NotesFAQContact Us
Collection
Advanced
Search Tips
ERIC Number: ED471686
Record Type: Non-Journal
Publication Date: 2002
Pages: 25
Abstractor: N/A
Reference Count: N/A
ISBN: N/A
ISSN: N/A
Rewards and Intrinsic Motivation: A Needs-Based, Developmental Perspective.
Covington, Martin V.
This chapter reframes, from a developmental, self-worth perspective, the longstanding debate over the presumed negative impact of extrinsic rewards on subject-matter appreciation and creative expression. The chapter argues that the debate over the potentially adverse effects of extrinsic payoffs is largely misplaced because of a narrow, almost exclusive focus on the tangible attributes of rewards as the cause of their adverse effect. The proper concern in the debate on the effects of rewards should be more with their meaning as a measure of self-definition rather than their tangible attributes and with their withdrawal as a means of control rather than the offering of rewards. To promote a developmental perspective to the question, the chapter uses data from Berkeley college students' recollections of forces influencing their willingness to learn for its own sake throughout their education. These data showed that students' personal interest and curiosity in learning increased incrementally from elementary to high school, with a slight dip in middle school, and dropped precipitously after college entry. The possibility that competition for scarce valued rewards is the major cause of intrinsic disengagement is discussed, drawing on findings from the Berkeley student study and other research. Possible contributors to task engagement were identified as task success, personal meaning of the task, and task-focused reasons for engagement rather than self-aggrandizement or self-protection. The chapter concludes by asserting that when properly employed by educators, tangible reinforcers can encourage adolescents' intrinsically-oriented goals. (Contains 41 references.) (KB)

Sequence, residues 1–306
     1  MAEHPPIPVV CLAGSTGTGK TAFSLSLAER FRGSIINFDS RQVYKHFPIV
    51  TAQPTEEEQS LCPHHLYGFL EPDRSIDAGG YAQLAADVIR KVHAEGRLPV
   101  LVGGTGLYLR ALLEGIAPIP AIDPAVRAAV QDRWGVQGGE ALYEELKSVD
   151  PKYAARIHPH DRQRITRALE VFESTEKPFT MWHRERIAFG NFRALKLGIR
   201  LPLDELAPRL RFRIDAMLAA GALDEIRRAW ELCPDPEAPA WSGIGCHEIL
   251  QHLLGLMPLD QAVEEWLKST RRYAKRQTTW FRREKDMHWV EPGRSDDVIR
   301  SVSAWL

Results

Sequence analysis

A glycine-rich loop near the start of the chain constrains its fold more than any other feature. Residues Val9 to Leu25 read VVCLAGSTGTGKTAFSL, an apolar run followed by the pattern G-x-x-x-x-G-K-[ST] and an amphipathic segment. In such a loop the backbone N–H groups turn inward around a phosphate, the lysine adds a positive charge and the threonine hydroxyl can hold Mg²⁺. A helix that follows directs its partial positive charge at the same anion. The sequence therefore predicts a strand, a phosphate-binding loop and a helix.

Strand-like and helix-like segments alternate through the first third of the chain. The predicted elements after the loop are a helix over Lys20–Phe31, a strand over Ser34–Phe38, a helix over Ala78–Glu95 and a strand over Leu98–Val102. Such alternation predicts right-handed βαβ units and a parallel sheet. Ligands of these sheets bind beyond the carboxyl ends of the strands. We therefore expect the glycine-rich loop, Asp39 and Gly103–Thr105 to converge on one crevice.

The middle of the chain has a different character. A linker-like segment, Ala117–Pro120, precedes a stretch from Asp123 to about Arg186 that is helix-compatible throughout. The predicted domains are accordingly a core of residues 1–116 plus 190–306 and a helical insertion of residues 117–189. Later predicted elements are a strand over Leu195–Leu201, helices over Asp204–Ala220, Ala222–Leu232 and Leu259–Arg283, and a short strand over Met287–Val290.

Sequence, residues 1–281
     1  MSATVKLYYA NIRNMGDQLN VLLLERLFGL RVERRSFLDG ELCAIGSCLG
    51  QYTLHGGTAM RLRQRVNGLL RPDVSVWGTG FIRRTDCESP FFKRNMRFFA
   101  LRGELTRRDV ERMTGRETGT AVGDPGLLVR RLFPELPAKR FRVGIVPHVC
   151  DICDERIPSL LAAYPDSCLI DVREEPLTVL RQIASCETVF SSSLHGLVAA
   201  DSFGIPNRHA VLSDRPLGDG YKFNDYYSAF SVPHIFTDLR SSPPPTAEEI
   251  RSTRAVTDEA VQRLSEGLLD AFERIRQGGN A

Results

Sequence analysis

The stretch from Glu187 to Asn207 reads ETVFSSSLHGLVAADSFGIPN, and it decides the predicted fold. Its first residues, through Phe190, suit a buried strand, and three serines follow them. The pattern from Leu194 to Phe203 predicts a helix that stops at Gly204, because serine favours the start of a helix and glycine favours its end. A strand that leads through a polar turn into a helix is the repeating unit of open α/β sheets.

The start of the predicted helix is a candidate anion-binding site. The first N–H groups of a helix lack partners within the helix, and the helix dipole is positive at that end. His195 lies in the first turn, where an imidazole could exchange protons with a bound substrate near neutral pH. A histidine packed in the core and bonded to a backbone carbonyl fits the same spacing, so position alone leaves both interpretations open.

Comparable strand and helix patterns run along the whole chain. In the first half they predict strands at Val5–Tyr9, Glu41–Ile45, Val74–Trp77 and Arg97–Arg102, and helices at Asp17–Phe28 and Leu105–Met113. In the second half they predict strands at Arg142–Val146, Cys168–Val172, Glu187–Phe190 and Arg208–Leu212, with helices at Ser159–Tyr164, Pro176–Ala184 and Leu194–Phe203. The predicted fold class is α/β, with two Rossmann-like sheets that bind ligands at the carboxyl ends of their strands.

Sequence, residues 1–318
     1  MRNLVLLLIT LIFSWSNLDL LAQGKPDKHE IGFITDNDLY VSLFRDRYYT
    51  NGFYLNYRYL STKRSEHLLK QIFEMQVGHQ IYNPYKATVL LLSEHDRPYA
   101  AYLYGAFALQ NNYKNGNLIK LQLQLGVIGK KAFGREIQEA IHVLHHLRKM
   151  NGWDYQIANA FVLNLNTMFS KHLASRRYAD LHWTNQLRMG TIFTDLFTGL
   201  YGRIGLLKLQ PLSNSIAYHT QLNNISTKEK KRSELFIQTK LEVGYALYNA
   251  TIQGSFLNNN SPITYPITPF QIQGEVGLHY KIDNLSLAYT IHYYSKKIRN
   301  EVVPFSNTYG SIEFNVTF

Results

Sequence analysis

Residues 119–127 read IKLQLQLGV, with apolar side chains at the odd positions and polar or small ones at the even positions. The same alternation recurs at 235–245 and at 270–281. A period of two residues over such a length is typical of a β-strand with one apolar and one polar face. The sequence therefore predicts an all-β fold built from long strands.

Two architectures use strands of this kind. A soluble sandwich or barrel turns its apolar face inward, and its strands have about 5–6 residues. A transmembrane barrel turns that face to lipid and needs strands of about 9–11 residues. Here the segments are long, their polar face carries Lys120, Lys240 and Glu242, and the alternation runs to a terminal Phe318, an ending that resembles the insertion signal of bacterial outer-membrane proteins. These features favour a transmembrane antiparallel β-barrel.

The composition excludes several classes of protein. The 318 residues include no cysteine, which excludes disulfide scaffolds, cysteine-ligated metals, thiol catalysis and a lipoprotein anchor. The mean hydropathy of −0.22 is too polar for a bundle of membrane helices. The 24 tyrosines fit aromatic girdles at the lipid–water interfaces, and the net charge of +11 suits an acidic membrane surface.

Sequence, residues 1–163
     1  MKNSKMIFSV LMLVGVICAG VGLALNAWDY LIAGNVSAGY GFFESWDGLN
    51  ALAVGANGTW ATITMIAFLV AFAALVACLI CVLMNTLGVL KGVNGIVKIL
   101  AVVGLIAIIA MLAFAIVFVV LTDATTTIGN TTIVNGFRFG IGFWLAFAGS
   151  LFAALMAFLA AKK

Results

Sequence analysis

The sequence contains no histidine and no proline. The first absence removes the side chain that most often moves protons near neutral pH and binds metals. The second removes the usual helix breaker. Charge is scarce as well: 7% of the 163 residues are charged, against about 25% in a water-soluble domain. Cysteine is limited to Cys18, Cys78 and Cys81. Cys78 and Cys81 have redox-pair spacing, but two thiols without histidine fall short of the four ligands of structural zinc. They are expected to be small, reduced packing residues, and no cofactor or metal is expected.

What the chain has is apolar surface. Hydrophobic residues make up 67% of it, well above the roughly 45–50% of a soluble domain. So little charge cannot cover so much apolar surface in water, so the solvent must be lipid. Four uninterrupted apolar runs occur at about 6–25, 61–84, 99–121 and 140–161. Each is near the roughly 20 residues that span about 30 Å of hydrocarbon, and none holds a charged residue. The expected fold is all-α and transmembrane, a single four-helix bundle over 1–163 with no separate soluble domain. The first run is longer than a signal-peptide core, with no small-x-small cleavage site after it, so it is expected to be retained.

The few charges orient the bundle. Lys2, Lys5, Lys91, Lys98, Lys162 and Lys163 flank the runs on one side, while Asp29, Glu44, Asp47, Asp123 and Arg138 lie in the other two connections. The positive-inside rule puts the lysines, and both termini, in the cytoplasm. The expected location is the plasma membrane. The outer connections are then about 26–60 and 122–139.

Information Age Publishing, Inc., 80 Mason Street, Greenwich, CT 06830. Tel: 203-661-7602; Fax: 203-661-7952; Web site: http://www.infoagepub.com.
Publication Type: Information Analyses
Education Level: N/A
Audience: N/A
Language: English
Sponsor: N/A
Authoring Institution: N/A